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Has anyone read the MSDN page on using the TRANSFORM statement to create crosstab queries?

http://msdn.microsoft.com/en-us/library/office/bb208956(v=office.12).aspx

It includes the following assertion, unsupported by code samples:

You can also include fixed values for which no data exists to create additional columns.

Yes, I would like to create a pivot table with a fixed ordered set of column headings from a pre-existing list. Here's a simplified SQL query:

    TRANSFORM SUM(tblData.Losses) As TotalLosses
    SELECT tblData.LossType
    FROM tblData
    GROUP BY tblData.Region
    PIVOT tblData.Year;

I would like to add region names that are not in the table and I would like the regions to appear in a specific order. Yes, I can create a region listing table and left-join it: but that won't impose an arbitrary order, either - Crosstab queries always sort the columns left-to-right alphabetically.

And I might just want to add arbitrary fixed values for which no data exists.

Here's MSDN's information:

Syntax

TRANSFORM aggfunction     selectstatement     PIVOT pivotfield [IN (value1[, value2[, …]])]

The TRANSFORM statement has these parts:

  • aggfunction: An SQL aggregate function that operates on the selected data.
  • selectstatement: A SELECT statement.
  • pivotfield: The field or expression you want to use to create column headings in the query's result set.
  • value1,value2: Fixed values used to create column headings.

...And the rest is just fluff for creating a plain-vanilla pivot table from textbook data.

So, my question is:

Has anyone ever actually used fixed values to create column headings?

A sample of your SQL would be useful.











This is a question about the published syntax for Microsoft Access SQL.

Thank you for not asking why I want to do this, giving lengthy SQL examples that answer the question 'Is there ANSI SQL that does what a TRANSFORM statement does, by hardcoding everything?' or pointing out that this would be easier in Postgres on a mainframe.

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2 Answers 2

Yes, I was able to do this in Access with a fixed set of four values.

TRANSFORM Sum([Shape_Length]/5280) AS MILES
SELECT "ONSHORE" AS Type, Sum(qry_CurYrTrans.Miles) AS [Total Of Miles]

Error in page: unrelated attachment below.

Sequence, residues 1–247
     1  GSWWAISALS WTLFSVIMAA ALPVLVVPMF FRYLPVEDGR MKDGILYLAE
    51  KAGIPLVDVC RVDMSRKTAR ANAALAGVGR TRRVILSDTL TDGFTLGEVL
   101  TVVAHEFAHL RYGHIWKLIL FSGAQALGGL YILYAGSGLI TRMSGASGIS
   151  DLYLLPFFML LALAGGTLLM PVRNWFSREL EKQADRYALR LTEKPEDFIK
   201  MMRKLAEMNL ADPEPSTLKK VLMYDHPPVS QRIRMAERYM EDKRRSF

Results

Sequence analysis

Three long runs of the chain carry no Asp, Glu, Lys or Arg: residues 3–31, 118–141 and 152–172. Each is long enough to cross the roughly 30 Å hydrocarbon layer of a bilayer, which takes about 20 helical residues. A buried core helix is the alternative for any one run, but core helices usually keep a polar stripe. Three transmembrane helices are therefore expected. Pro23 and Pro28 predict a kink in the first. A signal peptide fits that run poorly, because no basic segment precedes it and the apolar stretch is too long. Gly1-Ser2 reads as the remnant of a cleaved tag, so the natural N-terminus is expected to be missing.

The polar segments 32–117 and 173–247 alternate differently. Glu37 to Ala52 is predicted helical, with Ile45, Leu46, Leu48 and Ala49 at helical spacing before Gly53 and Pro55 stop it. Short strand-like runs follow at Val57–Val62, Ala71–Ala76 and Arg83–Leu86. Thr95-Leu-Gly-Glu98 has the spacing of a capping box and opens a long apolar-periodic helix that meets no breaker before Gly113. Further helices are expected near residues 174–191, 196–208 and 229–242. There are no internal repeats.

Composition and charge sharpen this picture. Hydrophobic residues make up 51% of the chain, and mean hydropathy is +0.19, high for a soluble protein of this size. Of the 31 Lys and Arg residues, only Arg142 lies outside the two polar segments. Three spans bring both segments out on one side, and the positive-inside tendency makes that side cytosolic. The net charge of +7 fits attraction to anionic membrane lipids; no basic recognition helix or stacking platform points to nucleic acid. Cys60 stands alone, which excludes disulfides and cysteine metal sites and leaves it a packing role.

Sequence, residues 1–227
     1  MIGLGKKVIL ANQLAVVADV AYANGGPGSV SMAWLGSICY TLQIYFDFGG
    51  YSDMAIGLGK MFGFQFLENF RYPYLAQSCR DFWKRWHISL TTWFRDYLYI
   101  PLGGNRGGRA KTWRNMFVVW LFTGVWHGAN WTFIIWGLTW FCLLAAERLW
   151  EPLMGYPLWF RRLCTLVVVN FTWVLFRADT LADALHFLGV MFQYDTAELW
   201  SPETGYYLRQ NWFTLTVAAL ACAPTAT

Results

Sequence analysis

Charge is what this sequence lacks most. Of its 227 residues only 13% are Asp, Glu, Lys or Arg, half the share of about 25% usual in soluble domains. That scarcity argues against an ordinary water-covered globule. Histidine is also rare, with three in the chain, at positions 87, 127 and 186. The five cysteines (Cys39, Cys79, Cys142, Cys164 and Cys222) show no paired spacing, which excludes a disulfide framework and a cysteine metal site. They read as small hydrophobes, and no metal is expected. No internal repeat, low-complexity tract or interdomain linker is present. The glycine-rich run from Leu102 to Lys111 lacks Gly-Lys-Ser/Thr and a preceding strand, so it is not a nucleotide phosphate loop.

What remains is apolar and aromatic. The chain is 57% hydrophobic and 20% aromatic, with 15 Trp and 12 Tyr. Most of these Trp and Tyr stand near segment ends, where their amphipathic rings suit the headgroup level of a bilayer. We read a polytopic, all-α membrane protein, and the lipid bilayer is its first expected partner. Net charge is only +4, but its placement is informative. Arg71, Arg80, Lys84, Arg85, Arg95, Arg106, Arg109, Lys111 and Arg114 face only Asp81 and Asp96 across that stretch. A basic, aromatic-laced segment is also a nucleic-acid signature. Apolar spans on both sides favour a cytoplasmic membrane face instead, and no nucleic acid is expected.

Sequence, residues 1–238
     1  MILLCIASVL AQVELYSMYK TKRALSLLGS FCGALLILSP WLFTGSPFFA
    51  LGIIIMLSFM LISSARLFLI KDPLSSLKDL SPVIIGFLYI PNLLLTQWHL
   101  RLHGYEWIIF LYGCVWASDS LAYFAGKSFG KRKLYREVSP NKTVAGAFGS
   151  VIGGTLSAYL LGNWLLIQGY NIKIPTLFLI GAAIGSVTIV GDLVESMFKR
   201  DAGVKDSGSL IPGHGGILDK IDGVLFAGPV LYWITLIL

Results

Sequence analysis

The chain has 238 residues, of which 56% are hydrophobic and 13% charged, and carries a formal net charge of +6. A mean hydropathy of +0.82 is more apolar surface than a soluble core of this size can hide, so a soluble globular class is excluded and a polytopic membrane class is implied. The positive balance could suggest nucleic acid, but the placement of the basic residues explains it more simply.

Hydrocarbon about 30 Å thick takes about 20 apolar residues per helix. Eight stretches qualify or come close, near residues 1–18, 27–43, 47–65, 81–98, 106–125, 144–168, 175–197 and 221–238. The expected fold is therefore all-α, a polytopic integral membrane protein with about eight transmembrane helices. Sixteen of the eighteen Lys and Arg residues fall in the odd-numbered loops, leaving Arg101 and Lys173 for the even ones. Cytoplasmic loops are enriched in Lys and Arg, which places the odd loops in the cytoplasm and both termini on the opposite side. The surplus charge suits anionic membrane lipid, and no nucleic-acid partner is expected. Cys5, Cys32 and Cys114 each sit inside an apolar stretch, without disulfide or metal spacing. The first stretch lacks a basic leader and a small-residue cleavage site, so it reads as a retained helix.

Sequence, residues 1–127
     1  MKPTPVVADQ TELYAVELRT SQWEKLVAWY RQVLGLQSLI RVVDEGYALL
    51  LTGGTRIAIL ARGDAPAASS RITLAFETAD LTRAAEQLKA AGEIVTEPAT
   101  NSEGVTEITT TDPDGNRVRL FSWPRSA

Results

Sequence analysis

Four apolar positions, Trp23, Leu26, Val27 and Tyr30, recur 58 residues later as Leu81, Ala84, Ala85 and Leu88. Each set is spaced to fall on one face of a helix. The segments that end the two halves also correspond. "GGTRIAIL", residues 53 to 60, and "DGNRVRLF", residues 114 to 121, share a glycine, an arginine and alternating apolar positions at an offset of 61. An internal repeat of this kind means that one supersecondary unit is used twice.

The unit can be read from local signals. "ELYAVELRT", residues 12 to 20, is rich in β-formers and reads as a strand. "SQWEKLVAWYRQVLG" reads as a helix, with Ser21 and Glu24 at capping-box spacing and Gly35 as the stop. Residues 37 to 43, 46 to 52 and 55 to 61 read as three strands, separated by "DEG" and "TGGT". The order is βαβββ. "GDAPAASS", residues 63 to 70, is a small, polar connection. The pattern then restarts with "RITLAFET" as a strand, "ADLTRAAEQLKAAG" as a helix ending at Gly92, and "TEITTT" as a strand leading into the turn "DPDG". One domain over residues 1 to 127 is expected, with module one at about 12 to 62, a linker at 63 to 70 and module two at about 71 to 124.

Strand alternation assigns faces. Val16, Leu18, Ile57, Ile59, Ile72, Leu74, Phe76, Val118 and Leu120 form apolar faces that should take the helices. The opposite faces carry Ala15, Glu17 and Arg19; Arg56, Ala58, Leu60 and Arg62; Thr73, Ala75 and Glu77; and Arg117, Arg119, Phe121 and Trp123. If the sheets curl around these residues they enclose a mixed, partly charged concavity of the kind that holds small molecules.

FROM qry_CurYrTrans
GROUP BY "ONSHORE"
PIVOT qry_CurYrTrans.QComb IN ('1_HCA_PT','2_HCA_PT','3_HCA_PT','4_HCA_PT'); 

My results were:

| Type     | Total Of Miles  | 1_HCA_PT  | 2_HCA_PT  | 3_HCA_PT  | 4_HCA_PT |
| ONSHORE  | 31.38           |           | 0.30      | 7.80      |          |

From this result, I can determine a few things:

  • The values '2_HCA_PT' and '3_HCA_PT' do exist in column QComb from my source.
  • The values '1_HCA_PT' and '4_HCA_PT' do not exist in column QComb from my source.
  • There are additional values in column QComb from my source that aren't represented in the PIVOT column headings. I can tell because 31.38 > (0.30 + 7.80).
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What I'd like to know is, how I can replace the null values with "0"? –  EJ Mak Mar 5 '14 at 18:24
    
If this is a question, you should consider it asking as a new question? –  Atul O Holic Mar 5 '14 at 18:43
    
Good idea. I just did. (Look here.) –  EJ Mak Mar 6 '14 at 19:53
    
EJ Mark - Nice, seems you got the answer as well. :) –  Atul O Holic Mar 7 '14 at 2:54
    
Looks like PIVOT ...IN is doing more than I would expect: it's certainly doing more than the usual IN operator in a WHERE clause. That's useful, and I need to experiment with it (pity it's undocumented). Is this actually imposing an arbitrary order on the columns, though? Looks like they're still sorted alphanumerically... –  Nile Mar 31 at 16:33

Try this:

TRANSFORM Sum(tblData.Losses) AS TotalLosses
SELECT tblData.Region, tblData.LossType
FROM tblData
GROUP BY tblData.Region, tblData.LossType
PIVOT tblData.Year In ('2001','2000');

The key being the list of years in the PIVOT statement. You might have to replace the ' with # for datetime datatypes.

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Close, but no cigar: you're specifying a subset of the values available in tblData.Year - not supplying a list of arbitrary fixed items. These aren't 'fixed values for which no data exists' and they won't create extra columns if they're not already in tblData. –  Nile Sep 19 '12 at 18:15
    
Also... You just scraped that SQL sample off the MSDN page, didn't you? –  Nile Sep 19 '12 at 18:16
1  
Nope. I have a similar situation, but I can't share code. The edited query above works on my end assuming text fields for the year. If you post the table schemea it would be eaiser to fix the query. –  KFleschner Sep 19 '12 at 18:27

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